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Aircraft Review : Evektor EV-55 Outback by Auctusdelineations

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Evektor EV 55 Outback_Header.jpg


Aircraft Review : Evektor EV-55 Outback by Auctusdelineations


First thing to note is that because part of the name of the EV-55 is "Outback" it is not an Australian built aircraft. You wouldn't be wrong in thinking that actually as Aussies do call their few odd aviation exports after things set around Australiana like jackaroo, jabiru, brumby and outback wouldn't be a far call for anyone really. But it isn't as the aircraft is designed and is built in the Czech Republic by Evektor-Aerotechnik.


The EV-55 is a two-engined utility aircraft that carrys up to 14 passengers or 4000 lb (1800 kg) of cargo, and operates from unimproved fields and at high-altitude airports. The aircraft will has three configurations: passenger, cargo and combined operations with cargo space in the front part of the fuselage and passengers accommodation in the rear.

The EV-55 is a conventional high-wing utility design with a T-tail. The prototype aircraft is powered by Pratt & Whitney PT6A-21 turboprop engines (535 shaft horsepower), driving four-bladed propellers. The wing is mounted atop a nearly-square fuselage, which has five windows per side. The trailing-link tricycle landing gear retracts into the nose section or pods on the lower fuselage, and it has a maximum cruise speed of 220 knots (407 km/h).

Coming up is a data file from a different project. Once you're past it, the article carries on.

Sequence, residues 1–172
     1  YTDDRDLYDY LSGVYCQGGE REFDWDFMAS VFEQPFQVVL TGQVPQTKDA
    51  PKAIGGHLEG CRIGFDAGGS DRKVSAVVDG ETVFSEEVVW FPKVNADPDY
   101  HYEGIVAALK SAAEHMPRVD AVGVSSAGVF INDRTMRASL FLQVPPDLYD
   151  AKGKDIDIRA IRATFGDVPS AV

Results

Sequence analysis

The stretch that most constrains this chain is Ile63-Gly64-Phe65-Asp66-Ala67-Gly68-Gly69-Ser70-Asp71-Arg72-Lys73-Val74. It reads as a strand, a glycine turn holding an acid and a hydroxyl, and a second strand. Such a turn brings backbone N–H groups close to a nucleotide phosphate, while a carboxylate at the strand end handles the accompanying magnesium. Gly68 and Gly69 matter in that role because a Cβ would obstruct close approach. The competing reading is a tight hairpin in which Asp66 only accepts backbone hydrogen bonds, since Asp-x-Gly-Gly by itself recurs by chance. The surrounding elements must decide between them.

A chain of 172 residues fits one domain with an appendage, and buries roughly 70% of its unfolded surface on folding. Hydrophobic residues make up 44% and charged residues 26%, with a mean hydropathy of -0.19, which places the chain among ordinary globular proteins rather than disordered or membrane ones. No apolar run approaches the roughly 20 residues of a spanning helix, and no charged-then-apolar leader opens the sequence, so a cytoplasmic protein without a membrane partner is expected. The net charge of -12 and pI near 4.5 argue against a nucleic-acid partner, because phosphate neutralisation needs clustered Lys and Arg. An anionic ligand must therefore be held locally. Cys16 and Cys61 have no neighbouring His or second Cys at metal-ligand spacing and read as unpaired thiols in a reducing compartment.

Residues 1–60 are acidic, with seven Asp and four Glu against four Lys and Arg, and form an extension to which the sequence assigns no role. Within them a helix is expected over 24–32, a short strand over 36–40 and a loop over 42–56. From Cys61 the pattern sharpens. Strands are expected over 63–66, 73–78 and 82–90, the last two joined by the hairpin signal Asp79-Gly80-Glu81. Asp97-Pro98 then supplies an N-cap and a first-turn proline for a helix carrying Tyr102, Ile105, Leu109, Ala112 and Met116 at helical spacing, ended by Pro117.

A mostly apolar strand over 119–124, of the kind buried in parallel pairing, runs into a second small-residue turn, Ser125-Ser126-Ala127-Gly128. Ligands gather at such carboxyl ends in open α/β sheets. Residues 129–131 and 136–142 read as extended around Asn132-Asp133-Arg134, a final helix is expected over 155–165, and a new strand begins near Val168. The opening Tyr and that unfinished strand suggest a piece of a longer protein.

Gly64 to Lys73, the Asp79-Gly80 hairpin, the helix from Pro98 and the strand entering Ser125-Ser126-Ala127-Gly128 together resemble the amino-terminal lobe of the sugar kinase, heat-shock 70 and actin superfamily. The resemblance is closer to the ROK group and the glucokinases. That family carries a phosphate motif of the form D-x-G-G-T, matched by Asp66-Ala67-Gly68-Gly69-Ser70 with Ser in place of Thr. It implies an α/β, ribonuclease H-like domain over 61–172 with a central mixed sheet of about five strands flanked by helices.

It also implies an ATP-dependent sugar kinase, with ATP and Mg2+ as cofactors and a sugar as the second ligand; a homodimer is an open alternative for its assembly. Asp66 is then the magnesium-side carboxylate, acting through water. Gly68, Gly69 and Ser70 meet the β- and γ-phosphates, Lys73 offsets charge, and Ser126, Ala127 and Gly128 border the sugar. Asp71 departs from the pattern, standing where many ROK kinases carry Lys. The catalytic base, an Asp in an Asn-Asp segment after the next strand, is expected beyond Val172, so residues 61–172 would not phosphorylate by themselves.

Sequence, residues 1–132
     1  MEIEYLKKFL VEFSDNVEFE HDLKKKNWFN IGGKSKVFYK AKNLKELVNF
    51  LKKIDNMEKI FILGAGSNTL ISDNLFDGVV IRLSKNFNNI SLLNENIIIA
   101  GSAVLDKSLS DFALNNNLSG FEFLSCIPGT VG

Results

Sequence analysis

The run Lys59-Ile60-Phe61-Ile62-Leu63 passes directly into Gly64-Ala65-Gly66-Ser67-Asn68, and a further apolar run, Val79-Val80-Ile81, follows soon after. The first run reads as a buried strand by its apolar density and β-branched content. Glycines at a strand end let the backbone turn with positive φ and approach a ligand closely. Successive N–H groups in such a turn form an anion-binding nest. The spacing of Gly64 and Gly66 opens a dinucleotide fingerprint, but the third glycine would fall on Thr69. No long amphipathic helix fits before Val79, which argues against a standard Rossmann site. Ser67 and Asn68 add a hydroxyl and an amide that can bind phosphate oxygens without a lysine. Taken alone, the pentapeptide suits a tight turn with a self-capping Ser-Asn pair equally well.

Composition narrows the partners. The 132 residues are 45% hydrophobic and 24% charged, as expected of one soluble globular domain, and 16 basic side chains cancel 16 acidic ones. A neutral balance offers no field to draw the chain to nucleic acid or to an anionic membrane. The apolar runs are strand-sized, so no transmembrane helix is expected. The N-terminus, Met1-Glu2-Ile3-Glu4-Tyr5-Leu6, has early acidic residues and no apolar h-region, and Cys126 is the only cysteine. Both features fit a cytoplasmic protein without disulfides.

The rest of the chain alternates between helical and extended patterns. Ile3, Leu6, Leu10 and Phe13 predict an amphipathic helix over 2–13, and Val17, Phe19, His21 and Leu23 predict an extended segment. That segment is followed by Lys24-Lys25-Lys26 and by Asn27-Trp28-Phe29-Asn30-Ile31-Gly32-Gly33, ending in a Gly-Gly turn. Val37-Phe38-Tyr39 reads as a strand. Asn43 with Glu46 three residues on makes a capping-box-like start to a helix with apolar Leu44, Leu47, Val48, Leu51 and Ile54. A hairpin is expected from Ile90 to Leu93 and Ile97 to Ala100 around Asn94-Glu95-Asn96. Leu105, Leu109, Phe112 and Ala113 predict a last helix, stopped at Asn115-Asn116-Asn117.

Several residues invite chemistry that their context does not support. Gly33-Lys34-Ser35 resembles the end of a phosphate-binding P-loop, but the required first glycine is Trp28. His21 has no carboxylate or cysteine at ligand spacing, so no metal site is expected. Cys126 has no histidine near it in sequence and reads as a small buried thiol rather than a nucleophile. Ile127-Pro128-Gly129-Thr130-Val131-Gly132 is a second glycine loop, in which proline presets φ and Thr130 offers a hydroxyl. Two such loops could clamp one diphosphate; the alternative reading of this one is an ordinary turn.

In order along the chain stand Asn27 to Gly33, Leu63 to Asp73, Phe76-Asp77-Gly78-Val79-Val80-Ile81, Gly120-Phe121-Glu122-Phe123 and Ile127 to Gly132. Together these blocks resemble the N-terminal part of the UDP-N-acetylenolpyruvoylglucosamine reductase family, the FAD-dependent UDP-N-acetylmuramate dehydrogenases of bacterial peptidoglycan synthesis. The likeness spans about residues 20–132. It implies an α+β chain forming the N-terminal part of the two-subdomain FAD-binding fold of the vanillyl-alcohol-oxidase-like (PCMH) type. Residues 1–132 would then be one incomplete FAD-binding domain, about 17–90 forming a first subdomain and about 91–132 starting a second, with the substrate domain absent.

The first prototype, was the EV-55M (military version), and it flew from Kunovice Airport on June 2011, with the company pilot Josef Charvat and a military pilot Maj. Jiri Hana at the controls.The first production aircraft flew from Kunovice in April 2016. (wikipedia)


Evektor EV 55 Outback_Head 1.jpgEvektor EV 55 Outback_Head 2.jpg

Evektor EV 55 Outback_Head 3.jpgEvektor EV 55 Outback_Head 4.jpg


There is no doubt that there is a huge market for a modern utility twin-engined aircraft of this size that can go anywhere and land in not so perfect conditions and come back. Think Twin-Otter, Do 228 or the older DC3 territory and you have the general idea and the range available is huge at 2,258 km (1,403 mi; 1,219 nmi).



You know the name? no not really as Auctusdelineations is very new to the X-Plane developer scene. Actually this Evektor is his first project for our simulator so there are no former expectations or any guide on what their quality or design is like, but so we have reviews to cover the aircraft and give you an overall feel and information on what this aircraft is and what you get in the package.


Evektor EV-55 Outback

As noted this EV-55 is a first release for Auctusdelineations, but what an excellent fine start it is.


Evektor EV 55 Outback_Flying 1.jpgEvektor EV 55 Outback_Flying 2.jpg


The EV-55 does look great in X-Plane11 and it does take advantage of the XP11 lighting features.